Last week TIM’s board convened, made one or two committee appointments and did a few other bits of corporate housekeeping, but didn’t address the external auditor thing. This was all the pretext Vivendi needed to make another move on the board and it made the following statement in a press release today.

‘In spite of the recent strong recommendation by the Collegio Sindacale (Statutory Auditors), the Telecom Italia Board, composed by a majority of Elliott backed Board members, decided on the 6th December not to convene an immediate Shareholders’ Meeting to vote for the appointment of new financial Auditors.

‘This decision, like many others before, goes against all the rules of proper corporate governance and is a source of disorganization.

‘For this reason, Vivendi has decided to write to the Board before the end of the week, to urge it to convene a Shareholders’ Meeting as soon as possible to appoint new financial auditors, revoke five current Board members from the Elliott list of ten, particularly those who were involved in these governance issues, and propose five new ones.’

There are 15 people on the TIM board. Currently ten of them were proposed by Elliott and five by Vivendi, so Vivendi needs a swing of at least three to regain control. We asked TIM for comment but they had nothing to add at this stage. It seems unlikely that TIM would be anything other than hostile to Vivendi’s demands, so we can expect another round of public lobbying of TIM shareholders by both parties as they continue to try to impose their will on the company.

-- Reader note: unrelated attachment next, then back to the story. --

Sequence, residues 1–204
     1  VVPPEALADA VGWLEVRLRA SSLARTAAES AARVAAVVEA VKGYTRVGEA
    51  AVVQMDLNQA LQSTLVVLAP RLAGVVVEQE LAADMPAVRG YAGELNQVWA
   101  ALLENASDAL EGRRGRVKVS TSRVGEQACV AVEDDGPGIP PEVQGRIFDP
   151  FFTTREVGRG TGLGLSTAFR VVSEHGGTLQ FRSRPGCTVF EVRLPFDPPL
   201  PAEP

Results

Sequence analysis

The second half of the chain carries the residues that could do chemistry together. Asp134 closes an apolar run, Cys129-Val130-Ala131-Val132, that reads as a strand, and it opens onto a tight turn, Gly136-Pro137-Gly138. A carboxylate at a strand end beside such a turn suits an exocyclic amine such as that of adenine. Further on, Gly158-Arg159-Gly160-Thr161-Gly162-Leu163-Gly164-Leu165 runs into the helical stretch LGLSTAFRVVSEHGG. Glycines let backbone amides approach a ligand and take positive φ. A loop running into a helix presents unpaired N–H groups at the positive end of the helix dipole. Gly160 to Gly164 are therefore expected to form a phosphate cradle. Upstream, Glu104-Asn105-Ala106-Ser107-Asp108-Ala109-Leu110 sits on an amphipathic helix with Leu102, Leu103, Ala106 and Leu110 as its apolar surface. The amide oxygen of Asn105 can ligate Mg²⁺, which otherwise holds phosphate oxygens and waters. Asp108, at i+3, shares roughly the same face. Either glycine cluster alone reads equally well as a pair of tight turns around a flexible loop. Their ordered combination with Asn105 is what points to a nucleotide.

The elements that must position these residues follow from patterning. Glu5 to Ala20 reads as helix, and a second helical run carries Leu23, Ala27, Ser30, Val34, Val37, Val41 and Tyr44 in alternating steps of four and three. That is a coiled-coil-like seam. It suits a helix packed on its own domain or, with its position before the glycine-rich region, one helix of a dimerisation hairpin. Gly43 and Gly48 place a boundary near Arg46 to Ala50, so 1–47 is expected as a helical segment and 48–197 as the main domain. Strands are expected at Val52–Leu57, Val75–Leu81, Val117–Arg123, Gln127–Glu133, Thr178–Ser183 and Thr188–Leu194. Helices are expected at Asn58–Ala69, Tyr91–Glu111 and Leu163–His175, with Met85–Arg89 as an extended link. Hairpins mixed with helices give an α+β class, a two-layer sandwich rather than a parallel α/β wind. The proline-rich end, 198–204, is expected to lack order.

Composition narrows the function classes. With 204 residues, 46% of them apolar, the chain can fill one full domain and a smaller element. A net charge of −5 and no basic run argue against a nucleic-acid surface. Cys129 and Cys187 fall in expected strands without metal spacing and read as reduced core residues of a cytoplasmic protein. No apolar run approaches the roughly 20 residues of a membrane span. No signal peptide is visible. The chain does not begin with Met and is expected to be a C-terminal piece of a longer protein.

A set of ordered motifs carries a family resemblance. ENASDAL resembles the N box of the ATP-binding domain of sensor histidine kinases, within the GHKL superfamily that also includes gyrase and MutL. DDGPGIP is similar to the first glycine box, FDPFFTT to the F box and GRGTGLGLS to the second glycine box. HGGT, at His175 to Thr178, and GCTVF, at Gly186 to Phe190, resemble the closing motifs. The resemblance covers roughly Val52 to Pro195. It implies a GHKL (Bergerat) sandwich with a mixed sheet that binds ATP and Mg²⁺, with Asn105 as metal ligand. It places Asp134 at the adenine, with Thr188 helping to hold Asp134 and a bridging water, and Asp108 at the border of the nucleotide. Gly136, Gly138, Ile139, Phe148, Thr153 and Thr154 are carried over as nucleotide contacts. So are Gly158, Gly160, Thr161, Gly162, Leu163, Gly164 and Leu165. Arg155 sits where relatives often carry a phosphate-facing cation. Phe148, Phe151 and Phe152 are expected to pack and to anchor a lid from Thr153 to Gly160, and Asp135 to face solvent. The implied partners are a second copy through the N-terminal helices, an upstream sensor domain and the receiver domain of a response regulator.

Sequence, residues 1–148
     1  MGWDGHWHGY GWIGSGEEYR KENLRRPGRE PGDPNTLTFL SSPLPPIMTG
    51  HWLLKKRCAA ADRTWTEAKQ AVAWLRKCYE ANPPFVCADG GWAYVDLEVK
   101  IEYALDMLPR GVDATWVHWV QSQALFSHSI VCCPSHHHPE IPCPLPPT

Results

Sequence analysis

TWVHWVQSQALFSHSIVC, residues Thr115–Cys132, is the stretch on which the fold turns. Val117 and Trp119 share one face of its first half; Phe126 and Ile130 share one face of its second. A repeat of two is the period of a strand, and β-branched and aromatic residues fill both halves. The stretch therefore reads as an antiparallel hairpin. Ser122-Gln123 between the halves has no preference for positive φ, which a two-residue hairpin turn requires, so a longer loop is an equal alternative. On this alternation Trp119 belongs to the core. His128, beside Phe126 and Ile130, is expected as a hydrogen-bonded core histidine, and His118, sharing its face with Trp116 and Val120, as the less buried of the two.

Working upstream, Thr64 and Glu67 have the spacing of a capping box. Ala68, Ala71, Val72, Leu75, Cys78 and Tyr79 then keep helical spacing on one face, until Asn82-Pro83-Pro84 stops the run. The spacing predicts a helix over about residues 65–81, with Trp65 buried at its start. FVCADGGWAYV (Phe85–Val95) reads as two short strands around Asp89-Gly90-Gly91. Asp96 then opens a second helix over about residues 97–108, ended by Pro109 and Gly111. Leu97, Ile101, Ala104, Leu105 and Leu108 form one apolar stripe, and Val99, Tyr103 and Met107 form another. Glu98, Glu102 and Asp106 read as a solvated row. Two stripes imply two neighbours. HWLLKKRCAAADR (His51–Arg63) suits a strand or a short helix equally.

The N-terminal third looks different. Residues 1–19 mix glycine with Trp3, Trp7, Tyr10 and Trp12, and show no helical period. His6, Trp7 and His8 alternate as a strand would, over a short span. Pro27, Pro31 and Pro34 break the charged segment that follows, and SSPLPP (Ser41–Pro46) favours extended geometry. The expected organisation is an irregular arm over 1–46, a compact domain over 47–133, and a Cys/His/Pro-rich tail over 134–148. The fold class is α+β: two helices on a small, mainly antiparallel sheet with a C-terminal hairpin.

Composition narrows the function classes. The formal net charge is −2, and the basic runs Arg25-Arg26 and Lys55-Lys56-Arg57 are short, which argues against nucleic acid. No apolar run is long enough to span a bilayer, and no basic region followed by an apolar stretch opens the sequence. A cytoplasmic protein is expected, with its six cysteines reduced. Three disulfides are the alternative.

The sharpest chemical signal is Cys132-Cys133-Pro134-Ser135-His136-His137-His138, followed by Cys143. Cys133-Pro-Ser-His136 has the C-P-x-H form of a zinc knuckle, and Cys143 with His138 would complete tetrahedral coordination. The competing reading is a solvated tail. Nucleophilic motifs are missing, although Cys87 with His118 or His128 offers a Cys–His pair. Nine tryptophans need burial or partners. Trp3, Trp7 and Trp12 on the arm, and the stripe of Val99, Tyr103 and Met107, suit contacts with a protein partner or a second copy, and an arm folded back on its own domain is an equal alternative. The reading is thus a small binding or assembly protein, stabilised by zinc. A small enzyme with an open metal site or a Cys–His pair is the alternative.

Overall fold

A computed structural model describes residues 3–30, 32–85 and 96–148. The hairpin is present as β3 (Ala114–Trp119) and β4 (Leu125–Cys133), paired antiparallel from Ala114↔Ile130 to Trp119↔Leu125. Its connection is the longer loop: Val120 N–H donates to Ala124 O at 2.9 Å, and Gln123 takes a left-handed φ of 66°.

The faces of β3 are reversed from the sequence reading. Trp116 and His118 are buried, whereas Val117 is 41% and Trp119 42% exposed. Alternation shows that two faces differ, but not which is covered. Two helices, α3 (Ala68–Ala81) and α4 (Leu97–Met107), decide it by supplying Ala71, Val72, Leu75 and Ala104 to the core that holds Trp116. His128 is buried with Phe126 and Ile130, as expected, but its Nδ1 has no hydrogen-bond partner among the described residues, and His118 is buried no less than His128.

Genish and Elliott embark on inevitable war of words

The only surprising thing about ousted TIM CEO Genish publicly attacking Elliott was that it took so long.

A week ago Amos Genish was removed as CEO of Italian telecoms group TIM by a board dominated by activist investors Elliott. They then replaced him sharpish with once of their own board nominees, Luigi Gubitosi, who will presumably enact those Elliott plans for the company that Vivendi-nominated board member Genish had resisted.

We get the impression that Genish has been mucked about a fair bit in this process, having apparently been reassured just a couple of days before he was sacked that he wouldn’t be. But his biggest issue seems to be with the overall boss of Elliott, Paul Singer, who he claims personally convinced him to hang around after Elliott had grabbed control of the TIM board.

In an interview with the Telegraph Genish said “Immediately after the AGM, Paul Singer called me and over a long call convinced me we have shared values, shared history and a common vision. He said that he fully supported me and the plan, and asked me to stay.